“I’m a clinician on the front line taking care of the patient. My focus is on managing that patient’s medical problem,” Kuna said. “So I am not involved with their disability claim, other than providing information that they may need for their applications.”

VA has been compensating for sleep apnea only since 1996 when VASRD ratings for respiratory diseases received a major overhaul. The ease with which a claimant with sleep apnea reaches the 50-percent threshold is significant for retirees. Ratings below 50 percent, for those who don’t have a CPAP, have no relief from the ban on concurrent receipt of both retired pay and VA compensation. Retired pay is cut dollar-for-dollar by VA payments.

With a 50-percent rating, retirees boost monthly income by at least $810, more if they are married or have other dependents.

Webster said word has spread, particularly among careerists nearing retirement, that if they snore they’d be foolish not to request a sleep study to check for apnea. Such testing used to be done in a lab. More often today it is conducted at home using a headband or wristband device that collects medical data during sleep.

If there is cessation of airflow into the lungs for at least 10 seconds and at least five times an hour, mild sleep apnea is diagnosed, and a CPAP can be prescribed. Patients with severe apnea have 30 or more events per hour. Severe apnea, if not treated, can damage the heart or lead to respiratory failure or other injuries.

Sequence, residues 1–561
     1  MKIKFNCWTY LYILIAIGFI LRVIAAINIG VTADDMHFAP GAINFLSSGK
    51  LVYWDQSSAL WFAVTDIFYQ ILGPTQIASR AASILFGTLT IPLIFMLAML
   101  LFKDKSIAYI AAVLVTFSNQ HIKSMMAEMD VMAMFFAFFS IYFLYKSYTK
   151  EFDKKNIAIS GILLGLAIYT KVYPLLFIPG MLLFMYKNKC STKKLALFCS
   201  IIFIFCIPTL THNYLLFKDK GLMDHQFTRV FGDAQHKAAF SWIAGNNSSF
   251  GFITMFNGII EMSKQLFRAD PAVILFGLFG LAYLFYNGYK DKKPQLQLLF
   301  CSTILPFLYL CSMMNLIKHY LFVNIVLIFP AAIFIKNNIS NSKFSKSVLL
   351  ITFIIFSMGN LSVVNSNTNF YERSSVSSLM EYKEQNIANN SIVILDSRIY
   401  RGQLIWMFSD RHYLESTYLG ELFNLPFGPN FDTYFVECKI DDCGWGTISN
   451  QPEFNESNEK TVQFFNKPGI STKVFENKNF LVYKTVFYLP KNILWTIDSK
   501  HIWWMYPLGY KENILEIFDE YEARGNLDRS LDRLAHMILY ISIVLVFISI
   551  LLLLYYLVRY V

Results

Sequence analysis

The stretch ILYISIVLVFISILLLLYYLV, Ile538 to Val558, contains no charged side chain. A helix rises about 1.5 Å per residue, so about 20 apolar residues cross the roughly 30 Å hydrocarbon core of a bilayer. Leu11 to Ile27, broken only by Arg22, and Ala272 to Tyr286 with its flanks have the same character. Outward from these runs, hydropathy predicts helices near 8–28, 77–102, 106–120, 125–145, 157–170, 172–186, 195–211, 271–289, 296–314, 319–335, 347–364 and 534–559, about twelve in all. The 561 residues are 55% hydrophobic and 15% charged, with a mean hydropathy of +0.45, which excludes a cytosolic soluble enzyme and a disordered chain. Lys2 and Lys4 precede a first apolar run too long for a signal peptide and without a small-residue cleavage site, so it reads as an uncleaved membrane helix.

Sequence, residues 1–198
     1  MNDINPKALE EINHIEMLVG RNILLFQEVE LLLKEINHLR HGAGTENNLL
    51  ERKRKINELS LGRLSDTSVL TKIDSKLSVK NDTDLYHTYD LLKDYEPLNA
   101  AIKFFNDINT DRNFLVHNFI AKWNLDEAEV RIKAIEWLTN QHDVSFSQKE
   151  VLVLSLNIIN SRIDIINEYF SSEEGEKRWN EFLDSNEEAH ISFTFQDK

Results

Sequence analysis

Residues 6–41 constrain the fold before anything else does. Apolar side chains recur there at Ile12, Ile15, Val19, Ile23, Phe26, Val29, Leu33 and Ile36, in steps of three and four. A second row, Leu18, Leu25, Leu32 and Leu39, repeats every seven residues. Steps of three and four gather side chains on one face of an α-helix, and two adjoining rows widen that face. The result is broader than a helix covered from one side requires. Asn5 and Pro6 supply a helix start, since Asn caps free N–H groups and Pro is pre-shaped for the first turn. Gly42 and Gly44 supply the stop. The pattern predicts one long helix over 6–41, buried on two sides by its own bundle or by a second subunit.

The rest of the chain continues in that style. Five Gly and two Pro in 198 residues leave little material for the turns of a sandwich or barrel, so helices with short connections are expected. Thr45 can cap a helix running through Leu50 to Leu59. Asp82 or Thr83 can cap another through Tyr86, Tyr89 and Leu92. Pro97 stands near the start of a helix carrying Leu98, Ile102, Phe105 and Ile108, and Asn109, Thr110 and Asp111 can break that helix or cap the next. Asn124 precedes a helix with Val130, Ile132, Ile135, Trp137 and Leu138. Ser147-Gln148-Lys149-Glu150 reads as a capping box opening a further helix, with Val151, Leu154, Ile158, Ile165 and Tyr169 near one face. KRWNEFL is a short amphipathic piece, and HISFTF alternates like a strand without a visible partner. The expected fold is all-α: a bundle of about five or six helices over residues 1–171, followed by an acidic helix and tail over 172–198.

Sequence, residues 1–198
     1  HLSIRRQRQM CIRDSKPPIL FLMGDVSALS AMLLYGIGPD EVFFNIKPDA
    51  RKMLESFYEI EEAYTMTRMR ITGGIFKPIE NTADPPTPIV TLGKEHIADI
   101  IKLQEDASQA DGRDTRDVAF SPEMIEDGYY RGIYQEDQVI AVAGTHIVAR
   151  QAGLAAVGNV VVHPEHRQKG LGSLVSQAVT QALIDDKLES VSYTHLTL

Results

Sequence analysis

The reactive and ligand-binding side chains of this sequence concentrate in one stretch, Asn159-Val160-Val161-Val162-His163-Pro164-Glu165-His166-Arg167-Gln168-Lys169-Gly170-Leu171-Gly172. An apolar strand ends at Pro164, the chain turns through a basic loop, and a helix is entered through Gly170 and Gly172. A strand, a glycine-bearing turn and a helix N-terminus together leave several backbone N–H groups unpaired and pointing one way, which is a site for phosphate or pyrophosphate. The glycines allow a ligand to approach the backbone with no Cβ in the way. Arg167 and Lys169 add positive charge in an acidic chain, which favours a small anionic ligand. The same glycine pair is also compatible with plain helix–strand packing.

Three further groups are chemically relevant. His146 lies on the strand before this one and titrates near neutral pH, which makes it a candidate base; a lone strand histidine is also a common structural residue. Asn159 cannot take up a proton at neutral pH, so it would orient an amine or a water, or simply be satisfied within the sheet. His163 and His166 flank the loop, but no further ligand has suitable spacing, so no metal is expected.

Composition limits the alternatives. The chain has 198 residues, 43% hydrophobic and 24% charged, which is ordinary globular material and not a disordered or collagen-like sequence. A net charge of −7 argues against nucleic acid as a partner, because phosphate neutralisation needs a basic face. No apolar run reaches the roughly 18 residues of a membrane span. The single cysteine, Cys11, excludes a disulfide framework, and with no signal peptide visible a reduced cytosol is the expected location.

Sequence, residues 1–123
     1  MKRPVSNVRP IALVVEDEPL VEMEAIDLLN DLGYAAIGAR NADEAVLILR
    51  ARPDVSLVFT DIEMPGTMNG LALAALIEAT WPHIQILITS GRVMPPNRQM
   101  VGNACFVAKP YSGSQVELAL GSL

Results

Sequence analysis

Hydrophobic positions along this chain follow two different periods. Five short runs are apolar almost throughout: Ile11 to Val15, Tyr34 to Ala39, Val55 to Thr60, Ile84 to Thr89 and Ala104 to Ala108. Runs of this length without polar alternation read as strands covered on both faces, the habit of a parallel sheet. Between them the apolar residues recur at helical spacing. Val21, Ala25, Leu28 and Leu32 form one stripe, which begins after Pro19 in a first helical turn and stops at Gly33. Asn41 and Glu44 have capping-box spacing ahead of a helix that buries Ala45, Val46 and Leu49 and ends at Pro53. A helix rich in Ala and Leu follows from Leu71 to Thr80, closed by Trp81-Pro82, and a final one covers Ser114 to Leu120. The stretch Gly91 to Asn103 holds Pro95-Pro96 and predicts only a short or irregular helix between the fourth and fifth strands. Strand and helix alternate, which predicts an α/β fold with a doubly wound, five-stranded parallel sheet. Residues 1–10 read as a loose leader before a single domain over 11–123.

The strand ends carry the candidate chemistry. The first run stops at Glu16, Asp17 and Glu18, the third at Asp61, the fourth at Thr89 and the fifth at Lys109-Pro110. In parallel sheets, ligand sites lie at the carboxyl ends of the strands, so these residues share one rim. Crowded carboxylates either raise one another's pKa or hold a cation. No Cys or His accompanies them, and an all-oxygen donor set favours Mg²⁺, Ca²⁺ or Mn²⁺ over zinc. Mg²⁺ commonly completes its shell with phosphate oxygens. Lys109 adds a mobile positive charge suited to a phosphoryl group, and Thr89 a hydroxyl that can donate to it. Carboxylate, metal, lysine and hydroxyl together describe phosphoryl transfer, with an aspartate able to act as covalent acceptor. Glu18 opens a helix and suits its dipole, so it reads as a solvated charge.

Kuna said he finds no unique association between sleep apnea and the rigors of service life except in cases of wounds or injuries to nasal passages. In those cases, surgery is the usual treatment rather than a CPAP.

“The greatest risk factor for sleep apnea is obesity,” Kuna said. “And we have had an epidemic of obesity over the last two decades, at least in the United States…We do see a lot of young veterans who are overweight a year or two after they have left the service.”

A sleep study is needed to diagnose apnea. If done on active duty, the condition is service-connected and usually compensable. For vets and retirees diagnosed after service, establishing a “medical nexus” to service time is more difficult but still possible. Claimants provide statements from spouses or colleagues that they snored heavily in service, had difficulty sleeping and point to medical records showing fatigue or trouble sleeping.

Tom Murphy, compensation services director for VA, said compensation claims for sleep apnea or any other medical condition are “demand driven” and not something VA would want to discourage. Veterans today, he said, simply “are more aware of what their benefits are and are taking advantage of it.”

Verna Jones, director of American Legion’s veterans’ affairs and rehabilitation division, called Webster’s letter “hurtful” to vets with sleep apnea who only in recent years have discovered why they snored so loud and were chronically tired. She said any surge in claims is a credit to VA, the Legion and to other veteran service organizations that are briefing veterans more thoroughly “on all types of disabilities they can apply for.”

Webster, however, said it’s a slap at veterans “truly disabled,” like his late father who, as a 21-year-old Marine, lost an arm at the shoulder from gun mount explosion at sea. His dad later married, raised seven children and could fix anything as long one of his kids helped with a tool or nail. Carved on his tombstone, said Webster, is “HHT” for “Here, hold this.”